Tuesday, August 09, 2005

Two-Four Tuesday (v.7)

Our previous list of the "Top Five" safety upgrades in automobiles that have saved the most American lives since 1960 finally garnered a comment. So, I'm going to reward our lonely player with another list today. According to a report by the National Highway Traffic Safety Administration, the #2 item (though not #4, as predicted by Aloma210) was indeed energy-absorbing steering assemblies (over 53,000 lives saved since 1960), and the #4 item was improved instrument panel designs (over 21,000 lives). By the way, Aloma210, adhesive windshield bonding ranked #8 -- but not so much for not shattering, but rather, for not falling into the car and breaking during a collision.

And now, on to today's game. We hope you'll play along again!

I will post the "Top Five" items in a list, except that I'm leaving out the 2nd and the 4th items. Your mission -- comment with your guesses (or "answers", if you're that confident) as to what the missing items are. Don't cheat by looking up the info on the web -- just have fun and take your own guess. I'll give the correct answers the following Tuesday, if there have been comments made.

Top Five states by the percentage of their population that was born outside the state of residence, according to the 1990 U.S. Census.

1. Nevada (78%)
2. ??
3. Alaska (66%)
4. ????
5. Wyoming (57%)

(Your tricky hint for #2 are the red birds and the blue and striped fish of Jupiter, and the similarly tricky hint for #4 is the Texas Rangers [Surprise!].)

Friday, August 05, 2005

Annual Survey of the Media

I promised back on June 20th to write a little bit about an event that I attended. This was the roundtable discussion presented by Euro RSCG Magnet, regarding the "11th Annual Survey of the Media". This study, co-sponsored by the Columbia University Graduate School of Journalism, was managed by my account group and hosted on ICR's web server. The symposium was held on one of the top floors of the Reuters Building, which made for incredible views of the Hudson River and cemented in my mind that ICR is going to have to cooperate with Magnet to reserve this space again when we present a "public relations and research" workshop later in 2006.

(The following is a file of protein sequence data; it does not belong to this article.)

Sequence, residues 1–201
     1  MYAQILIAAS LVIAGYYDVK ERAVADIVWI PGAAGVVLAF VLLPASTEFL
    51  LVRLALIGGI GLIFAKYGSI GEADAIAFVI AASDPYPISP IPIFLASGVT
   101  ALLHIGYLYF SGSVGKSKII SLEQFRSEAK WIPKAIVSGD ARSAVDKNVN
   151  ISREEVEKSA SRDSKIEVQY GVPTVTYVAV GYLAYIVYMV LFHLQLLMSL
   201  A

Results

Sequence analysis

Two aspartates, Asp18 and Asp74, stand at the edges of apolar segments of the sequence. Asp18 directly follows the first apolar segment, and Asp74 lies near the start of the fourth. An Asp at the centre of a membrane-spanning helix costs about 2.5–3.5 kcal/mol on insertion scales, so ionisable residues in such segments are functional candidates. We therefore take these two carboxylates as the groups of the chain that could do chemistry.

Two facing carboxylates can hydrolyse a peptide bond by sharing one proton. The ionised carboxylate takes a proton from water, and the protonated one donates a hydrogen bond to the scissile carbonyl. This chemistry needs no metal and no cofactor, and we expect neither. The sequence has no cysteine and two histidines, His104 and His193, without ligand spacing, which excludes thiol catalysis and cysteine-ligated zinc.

Taking the lead in presenting the study findings was the notable Professor Steven S. Ross. He displayed a good number of slides relating to the findings of the survey, a summary of which can be seen here. But the one thing that amazed me most was Ross' comment that even though he's been conducting this study for 11 years now, and that he has always offered the raw data set for other organizations or individuals to analyze, no entity outside of Columbia has even taken him up on that offer. That's strange and disappointing.

Anyway, since we're a blog, I have to point out that while the study found more than half of the journalists surveyed are using blogs (mostly for generating story ideas and spotting trends) in their work, only 1% -- ONE percent -- said that blogs are a credible news source. I will be interested to see how next year's survey compares on that particular finding.

Last point, and just a humorous one. I got a kick out of how distinctly-English journalist Dan Roberts (of the Financial Times) used the phrase "rose-tinted spectacles"; here in the States, more commonly referred to as "rose colored glasses". I think I actually prefer the British style.